Christian Chapman, a former underwriter at Better.com, thought he was logging onto another of CEO Vishal Garg’s town halls.
He didn’t know it would be his last call as an employee of the online mortgage company.
“If you’re on this call, you are part of the unlucky group that is being laid off,” Garg said on a one-way webinar last Wednesday, which lasted three minutes. Garg started immediately and did not wait for workers to trickle into the meeting. “Your employment here is terminated effective immediately.”
The call ended abruptly, leaving the underwriter dumbfounded. Chapman, who is the sole provider for his family of 7, was used to outbursts from his boss, but this was unexpected.
Chapman began messaging in company Slack channels asking what was going on when his screens went black — he lost access to his company computer, phone, email and messaging. He resorted to Facebook Messenger to reach out to colleagues.
Garg had promised a follow-up email from HR, but employees’ access was terminated. Chapman ultimately received the communication via his personal email hours later.
“It was a surreal moment. It was one of those things that you don’t believe it’s going to happen,” Chapman said.
The company laid off 900 employees in those few minutes, or about 9% of its staff. Better.com is valued at $6.9 billion — earning it so-called unicorn status. The company ranked #1 on LinkedIn’s Top Startups of 2021 and 2020. Better.com hasn’t responded to a request for comment.
The Softbank-backed mortgage lender announced in May it was going public through a special purpose acquisition company, or SPAC. The day before the lay offs, the firm announced it received $750 million in cash as part of an amended deal with investors, according to TechCrunch. That would mean Better has $1 billion in cash.
But tons of cash in a company doesn’t offset how the wider mortgage market is doing.
Garg later accused the fired employees of “stealing” from their colleagues and customers by being unproductive and only working two hours a day, according to Fortune, which confirmed those sentiments in an interview with the CEO.
Several former employees interviewed by CNN Business said the staff was blown away by the CEO’s remarks and sudden firing. But Garg has been involved in controversy before, as evidenced by an email he sent to staff that was obtained by Forbes in 2020: “You are TOO DAMN SLOW. You are a bunch of DUMB DOLPHINS… SO STOP IT. STOP IT. STOP IT RIGHT NOW. YOU ARE EMBARRASSING ME,” he wrote.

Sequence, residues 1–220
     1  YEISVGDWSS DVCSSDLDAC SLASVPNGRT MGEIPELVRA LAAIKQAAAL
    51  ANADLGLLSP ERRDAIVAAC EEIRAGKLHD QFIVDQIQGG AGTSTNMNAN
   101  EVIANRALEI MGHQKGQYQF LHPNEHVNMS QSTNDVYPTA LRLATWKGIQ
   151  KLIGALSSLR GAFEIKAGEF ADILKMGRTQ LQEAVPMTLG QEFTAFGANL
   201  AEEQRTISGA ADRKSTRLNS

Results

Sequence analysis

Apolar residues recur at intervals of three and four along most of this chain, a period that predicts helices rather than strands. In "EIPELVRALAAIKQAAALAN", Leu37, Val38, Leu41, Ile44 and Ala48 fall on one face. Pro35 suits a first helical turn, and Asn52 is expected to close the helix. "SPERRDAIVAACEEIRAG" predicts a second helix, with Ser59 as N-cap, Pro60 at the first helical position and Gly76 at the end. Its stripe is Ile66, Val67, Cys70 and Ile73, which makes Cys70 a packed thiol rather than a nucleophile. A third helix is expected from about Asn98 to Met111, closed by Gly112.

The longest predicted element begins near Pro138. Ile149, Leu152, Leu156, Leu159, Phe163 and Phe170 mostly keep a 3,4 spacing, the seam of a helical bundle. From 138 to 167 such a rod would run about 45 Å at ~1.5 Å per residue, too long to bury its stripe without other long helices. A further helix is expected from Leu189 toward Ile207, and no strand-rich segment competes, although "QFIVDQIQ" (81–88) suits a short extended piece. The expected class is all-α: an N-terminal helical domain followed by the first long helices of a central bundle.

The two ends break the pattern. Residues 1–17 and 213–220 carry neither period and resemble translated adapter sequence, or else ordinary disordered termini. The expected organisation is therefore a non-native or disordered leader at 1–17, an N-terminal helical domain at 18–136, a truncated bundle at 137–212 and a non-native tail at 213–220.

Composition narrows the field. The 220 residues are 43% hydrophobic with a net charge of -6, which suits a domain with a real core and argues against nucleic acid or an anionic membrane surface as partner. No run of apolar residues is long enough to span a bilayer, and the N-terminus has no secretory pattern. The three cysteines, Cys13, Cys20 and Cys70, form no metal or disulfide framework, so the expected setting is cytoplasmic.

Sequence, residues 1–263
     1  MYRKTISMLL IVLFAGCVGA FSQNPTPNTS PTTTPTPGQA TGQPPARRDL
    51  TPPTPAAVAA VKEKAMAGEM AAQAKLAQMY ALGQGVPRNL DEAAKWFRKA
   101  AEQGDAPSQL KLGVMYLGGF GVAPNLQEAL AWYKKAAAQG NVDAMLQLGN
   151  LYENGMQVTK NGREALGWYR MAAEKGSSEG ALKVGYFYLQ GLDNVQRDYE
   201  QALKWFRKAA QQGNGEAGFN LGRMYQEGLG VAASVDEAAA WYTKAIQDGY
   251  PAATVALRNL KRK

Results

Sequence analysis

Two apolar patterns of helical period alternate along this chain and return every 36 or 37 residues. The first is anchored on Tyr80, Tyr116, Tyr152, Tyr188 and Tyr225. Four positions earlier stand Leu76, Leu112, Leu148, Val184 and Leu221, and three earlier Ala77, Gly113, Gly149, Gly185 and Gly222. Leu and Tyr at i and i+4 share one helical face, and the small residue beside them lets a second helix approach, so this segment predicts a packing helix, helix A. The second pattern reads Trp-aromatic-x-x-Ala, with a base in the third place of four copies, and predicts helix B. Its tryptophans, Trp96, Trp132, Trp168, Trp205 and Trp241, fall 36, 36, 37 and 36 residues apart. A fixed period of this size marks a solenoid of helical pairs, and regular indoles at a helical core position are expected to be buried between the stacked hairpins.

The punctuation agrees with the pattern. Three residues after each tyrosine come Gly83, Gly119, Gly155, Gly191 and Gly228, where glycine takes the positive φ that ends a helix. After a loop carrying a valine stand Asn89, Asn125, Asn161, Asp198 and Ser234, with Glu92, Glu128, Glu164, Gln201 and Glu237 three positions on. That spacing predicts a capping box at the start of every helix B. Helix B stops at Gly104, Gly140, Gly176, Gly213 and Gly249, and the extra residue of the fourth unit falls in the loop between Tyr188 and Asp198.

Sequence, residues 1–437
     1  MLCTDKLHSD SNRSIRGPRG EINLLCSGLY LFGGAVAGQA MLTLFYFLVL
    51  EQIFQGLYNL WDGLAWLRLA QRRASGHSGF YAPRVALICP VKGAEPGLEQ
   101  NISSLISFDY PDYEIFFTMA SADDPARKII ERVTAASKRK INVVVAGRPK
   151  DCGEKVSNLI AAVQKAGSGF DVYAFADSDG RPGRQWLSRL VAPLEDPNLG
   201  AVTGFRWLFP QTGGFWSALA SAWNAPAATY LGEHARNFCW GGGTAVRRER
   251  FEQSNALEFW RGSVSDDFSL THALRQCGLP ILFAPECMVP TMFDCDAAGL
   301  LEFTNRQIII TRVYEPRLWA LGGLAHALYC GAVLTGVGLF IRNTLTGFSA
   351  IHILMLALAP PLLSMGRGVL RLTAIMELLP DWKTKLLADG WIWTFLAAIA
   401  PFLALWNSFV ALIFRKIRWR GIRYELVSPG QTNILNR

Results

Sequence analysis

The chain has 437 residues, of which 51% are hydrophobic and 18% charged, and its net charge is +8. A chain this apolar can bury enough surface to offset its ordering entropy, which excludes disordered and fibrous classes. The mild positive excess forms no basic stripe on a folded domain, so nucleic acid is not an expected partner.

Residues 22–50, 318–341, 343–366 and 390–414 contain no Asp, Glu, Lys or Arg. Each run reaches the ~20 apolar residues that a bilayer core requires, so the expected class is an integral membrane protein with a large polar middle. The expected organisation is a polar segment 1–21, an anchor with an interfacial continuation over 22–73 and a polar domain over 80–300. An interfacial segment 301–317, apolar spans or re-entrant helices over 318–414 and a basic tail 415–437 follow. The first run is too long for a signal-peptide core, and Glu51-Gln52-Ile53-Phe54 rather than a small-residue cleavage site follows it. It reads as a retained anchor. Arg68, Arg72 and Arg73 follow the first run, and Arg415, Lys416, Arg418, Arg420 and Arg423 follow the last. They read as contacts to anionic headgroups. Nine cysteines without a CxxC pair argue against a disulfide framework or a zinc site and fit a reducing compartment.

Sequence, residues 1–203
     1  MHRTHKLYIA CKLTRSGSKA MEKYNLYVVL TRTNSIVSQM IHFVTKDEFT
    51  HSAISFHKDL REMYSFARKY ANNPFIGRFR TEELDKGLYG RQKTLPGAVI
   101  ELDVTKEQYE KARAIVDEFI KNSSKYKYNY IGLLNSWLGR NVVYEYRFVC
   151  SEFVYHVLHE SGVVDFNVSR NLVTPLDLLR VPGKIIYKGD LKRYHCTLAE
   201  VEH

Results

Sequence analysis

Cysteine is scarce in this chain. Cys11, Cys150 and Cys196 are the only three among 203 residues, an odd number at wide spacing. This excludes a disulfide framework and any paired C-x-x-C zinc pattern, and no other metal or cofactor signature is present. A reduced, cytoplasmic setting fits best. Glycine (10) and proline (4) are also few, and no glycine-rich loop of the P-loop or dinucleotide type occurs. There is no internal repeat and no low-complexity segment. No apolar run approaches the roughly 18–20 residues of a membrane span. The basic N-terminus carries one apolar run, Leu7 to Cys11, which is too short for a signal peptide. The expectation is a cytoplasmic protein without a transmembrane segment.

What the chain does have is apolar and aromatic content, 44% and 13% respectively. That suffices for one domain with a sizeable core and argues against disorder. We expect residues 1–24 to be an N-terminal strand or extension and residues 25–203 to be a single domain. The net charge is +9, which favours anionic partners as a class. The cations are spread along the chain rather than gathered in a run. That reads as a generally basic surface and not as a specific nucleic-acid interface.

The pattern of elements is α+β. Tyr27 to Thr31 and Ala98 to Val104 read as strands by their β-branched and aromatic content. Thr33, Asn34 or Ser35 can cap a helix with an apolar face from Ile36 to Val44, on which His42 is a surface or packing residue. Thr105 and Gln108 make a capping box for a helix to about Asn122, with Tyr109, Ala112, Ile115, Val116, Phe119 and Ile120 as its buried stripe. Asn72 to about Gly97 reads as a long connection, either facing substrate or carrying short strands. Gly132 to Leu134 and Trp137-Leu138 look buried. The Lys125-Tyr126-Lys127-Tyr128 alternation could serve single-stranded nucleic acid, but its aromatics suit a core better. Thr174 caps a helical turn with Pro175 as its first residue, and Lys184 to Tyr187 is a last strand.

“I got promoted, and then he’s out there trying to portray everyone as lazy and stealing money,” said another former employee who asked not to be identified, and who recently won an award for his performance at the company. “That is messed up. I’d rather be broke than have whatever is going on in his head.”
Chapman, who has worked in the mortgage business for almost 20 years, also said he had recently completed a positive performance review call with his manager.
Employees described a chaotic work culture at Better.com, one with many benefits but also a CEO who regularly dropped F-bombs in company-wide virtual meetings.
“I realized after my first meeting that I needed to keep it on mute and keep my earphones in, because I’ve got five kids and I didn’t want them hearing that kind of language,” Chapman said.
Chapman said he has now been through four layoffs at various mortgage companies, but none as “obtuse and dispassionate” as this.
“I am looking for the bright side but there’s the reality of the situation,” Chapman said. “Things aren’t going to be what they were and it’s going to require some massive action on my part.”
What went wrong?
The mortgage industry has been fueled by refinancings, which skyrocketed during the pandemic as mortgage rates dropped to historic lows. But with mortgage rates rising and expected to go higher, that boom is slowing down.
After falling steadily during the first year of the pandemic, mortgage rates reached a record low at the beginning of 2021, with 30-year mortgages available for as little as at 2.65%. But rates are on the rise now.
The Mortgage Bankers Association expects the 30-year, fixed-rate mortgage to end 2021 at 3.1% and climb to 4.0% by the end of 2022.
CNN’s Anna Bahney contributed to this report.